Martin Luther King Jr.’s dream lives on at ministries around the Province, as friars and their partners-in-ministry demonstrated by commemorations of the civil rights leader this weekend. In addition to reflecting on King’s work, some ministries took an active role in continuing what he began more than 60 years ago.
Provincial Minister John O’Connor, OFM, celebrated Mass during the Province’s annual commemoration of Martin Luther King Jr. Day at St. Joseph Church in Wilmington, Del. During his homily, he recalled an incident when King received a death threat, while organizing the 1955 Montgomery, Ala., bus boycott that made King consider leaving the public eye.
“Sometimes we face criticism and even persecution for our faith, especially when we are on a quest for justice,” John said in an article published by The News Journal. “Like Dr. King, we are called to speak out.”
Paul Williams, OFM, pastor of the oldest African-American parish in the diocese, said that if the civil rights leader were alive today, he would have much to talk about in Wilmington.
“If he were speaking to this city, he would remind us that violence is not welcome,” Paul noted. “King would challenge us to find ways to ensure that the young people of our city remember the most important gift in the world, which is the gift of life.”
The Jan. 19 Mass was attended by several Delaware government officials, John said.
In Camden, N.J., the Student Leaders Von Nieda Park Task Force, a group of sixth to eighth grade students from St. Anthony of Padua and local schools, invited Camden County sixth to tenth graders and their parents to the 5th annual Martin Luther King Day of Community Organizing. They were assisted by their adult mentors: Mirta Nieves, Kristen Nalen, Grace Kincaid and pastor Jud Weiksnar, OFM, pastor of St. Anthony Parish.
“One veteran community organizer visiting from Philadelphia called that ‘the most radical MLK celebration in the country,” said Jud. “And perhaps it was. Approximately 75 students participated in the only event in the country to celebrate the memory of Dr. King by doing community organizing, rather than community service.”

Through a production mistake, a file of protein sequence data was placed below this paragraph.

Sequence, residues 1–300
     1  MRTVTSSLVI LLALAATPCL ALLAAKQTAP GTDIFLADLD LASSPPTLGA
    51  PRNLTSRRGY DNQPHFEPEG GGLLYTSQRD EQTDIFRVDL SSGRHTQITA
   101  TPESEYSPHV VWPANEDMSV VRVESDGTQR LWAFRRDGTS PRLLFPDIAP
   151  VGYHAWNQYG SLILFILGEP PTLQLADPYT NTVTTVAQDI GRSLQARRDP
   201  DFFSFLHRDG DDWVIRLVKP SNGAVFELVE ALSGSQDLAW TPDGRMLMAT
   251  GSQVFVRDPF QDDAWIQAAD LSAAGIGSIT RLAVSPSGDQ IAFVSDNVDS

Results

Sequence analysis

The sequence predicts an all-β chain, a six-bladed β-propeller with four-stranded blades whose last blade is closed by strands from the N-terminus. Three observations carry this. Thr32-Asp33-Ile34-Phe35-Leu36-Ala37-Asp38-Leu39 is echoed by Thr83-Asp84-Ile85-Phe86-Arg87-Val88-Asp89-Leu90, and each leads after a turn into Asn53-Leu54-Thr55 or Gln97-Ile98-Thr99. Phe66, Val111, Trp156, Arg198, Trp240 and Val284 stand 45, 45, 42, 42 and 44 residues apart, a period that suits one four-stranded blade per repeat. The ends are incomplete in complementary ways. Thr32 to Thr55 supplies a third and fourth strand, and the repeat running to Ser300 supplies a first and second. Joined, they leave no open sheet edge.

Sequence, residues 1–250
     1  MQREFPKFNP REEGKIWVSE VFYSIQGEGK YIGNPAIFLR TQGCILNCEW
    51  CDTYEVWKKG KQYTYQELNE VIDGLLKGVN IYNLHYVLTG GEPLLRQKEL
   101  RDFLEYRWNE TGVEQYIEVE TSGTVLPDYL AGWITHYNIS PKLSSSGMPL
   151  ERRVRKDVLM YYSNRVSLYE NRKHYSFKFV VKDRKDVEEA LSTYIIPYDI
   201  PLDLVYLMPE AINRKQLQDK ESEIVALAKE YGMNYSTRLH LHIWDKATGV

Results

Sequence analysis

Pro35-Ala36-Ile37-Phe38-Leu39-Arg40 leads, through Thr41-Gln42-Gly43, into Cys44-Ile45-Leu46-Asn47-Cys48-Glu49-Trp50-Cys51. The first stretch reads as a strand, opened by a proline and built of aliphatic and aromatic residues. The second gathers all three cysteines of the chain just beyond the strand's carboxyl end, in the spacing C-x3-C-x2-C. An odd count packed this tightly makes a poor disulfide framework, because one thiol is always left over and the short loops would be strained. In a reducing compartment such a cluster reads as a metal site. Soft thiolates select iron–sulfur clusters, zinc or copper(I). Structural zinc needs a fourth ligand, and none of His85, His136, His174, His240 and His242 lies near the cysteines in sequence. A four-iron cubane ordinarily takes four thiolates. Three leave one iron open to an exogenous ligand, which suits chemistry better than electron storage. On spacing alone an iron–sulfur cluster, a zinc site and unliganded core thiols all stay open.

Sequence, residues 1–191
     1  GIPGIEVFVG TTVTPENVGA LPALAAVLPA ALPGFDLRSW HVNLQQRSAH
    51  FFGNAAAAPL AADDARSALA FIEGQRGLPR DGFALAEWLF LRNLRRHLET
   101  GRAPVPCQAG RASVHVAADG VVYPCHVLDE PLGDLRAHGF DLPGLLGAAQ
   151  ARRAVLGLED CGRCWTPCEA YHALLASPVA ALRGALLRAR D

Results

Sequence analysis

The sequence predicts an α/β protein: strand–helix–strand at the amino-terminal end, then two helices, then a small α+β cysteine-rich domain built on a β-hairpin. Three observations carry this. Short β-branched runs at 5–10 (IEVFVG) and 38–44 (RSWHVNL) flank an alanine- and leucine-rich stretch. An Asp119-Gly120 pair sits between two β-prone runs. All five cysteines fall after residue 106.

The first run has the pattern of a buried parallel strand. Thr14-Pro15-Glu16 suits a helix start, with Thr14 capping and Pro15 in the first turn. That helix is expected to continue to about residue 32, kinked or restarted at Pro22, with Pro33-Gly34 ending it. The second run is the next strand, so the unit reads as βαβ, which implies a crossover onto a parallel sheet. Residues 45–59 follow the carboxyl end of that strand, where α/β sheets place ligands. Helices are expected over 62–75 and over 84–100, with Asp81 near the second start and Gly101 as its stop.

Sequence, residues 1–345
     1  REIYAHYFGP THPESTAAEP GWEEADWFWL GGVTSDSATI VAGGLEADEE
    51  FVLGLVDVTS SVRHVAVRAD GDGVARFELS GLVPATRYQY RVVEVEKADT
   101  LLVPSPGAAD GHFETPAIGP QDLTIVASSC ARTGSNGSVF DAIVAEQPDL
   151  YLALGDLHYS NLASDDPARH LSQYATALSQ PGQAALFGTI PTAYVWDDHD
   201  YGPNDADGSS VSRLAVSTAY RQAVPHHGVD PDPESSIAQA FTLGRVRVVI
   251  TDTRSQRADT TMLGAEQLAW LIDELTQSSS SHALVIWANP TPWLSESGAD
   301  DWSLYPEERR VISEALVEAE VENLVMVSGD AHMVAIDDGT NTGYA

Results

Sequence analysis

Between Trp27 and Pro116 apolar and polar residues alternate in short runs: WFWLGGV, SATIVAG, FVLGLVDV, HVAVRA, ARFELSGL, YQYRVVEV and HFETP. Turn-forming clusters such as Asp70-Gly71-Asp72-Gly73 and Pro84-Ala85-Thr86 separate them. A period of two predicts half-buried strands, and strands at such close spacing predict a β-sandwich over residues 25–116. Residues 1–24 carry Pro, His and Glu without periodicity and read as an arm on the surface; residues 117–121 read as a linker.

After learning the basics of community organizing through faith reflection, games, presentations, roleplays and a walking tour of Von Nieda Park, the students prepared for and then conducted interviews of public officials in the afternoon. They had conversations with the deputy chief of police, a county freeholder, city councilman and a former school board member, who came in the place of the mayor.
The student leaders shared with their peers how, through community organizing, they were able to convince Camden County to plan to install new lights for Von Nieda Park totaling more than $200,000. On their walking tour of the park, they showed other victories, such as a $11,000 fence, erected to keep the playground safe, new recycling bins and murals on the Cramer Hill Community Center, and a local warehouse, according to Jud. The warehouse was painted by students this past fall with help from Juan Turcios, OFM. The student leaders won the money for the paint through a grant from PNC Bank.
“One of the most enthusiastic groups of students attending came from Holy Name School, another Catholic partnership school in North Camden, considered the toughest neighborhood in Camden,” Jud said. “The student leaders, under the guidance of Ms. Nieves, have recently expanded to Holy Name.”
Protests, Prayer Services and Volunteer Work
In Pennsylvania, Patrick Sieber, OFM, participated in the annual demonstration against materialism, militarism and racism on the property of Lockheed Martin, one of the world’s largest defense contractors and weapons manufacturers.
“A group of us tried to issue a warrant on behalf of the least of our brothers and sisters, to try to keep the company from doing any more harm,” Patrick said.
Special Masses and other faith events were held across the Province. David Hyman, OFM, celebrated morning Mass for the community at the Catholic Center at the University of Georgia. During his homily, he shared “A Prayer for Deliverance from Race Prejudice” by Morney Williams.
Following Mass, a group of UGA students spent the day serving at Oasis Catolico, an immigrant community cared for by the Handmaids of the Sacred Heart of Jesus. Volunteers helped clear a “soccer field,” paint a building, and build a new trench for better water drainage.
“All projects helped make the surrounding playground and buildings safer for the children in the community,” said David Briones, collegiate coordinator.
St. Bonaventure University held a prayer service to honor the civil rights leader who was slain in 1968. Participants processed by candlelight from the Thomas Merton Center to the University Chapel, where the service began — that included spoken word, dance, prayer and silent reflection to celebrate King’s life. Tyrone Hall, pastor of Fresh Joy Ministries in Olean, N.Y., also spoke at the event.
Siena College’s annual Martin Luther King Lecture will be given by Benjamin Todd Jealous, president and CEO of the NAACP. The talk will be held April 3, near the anniversary of King’s assassination, in the Marcelle Athletic Complex on campus.
— Maria Hayes is communications coordinator for Holy Name Province. Fr. John is pictured in the above photo with Bishop W. Francis Malooly of Wilmington, who attended the Mass at St. Paul’s Church.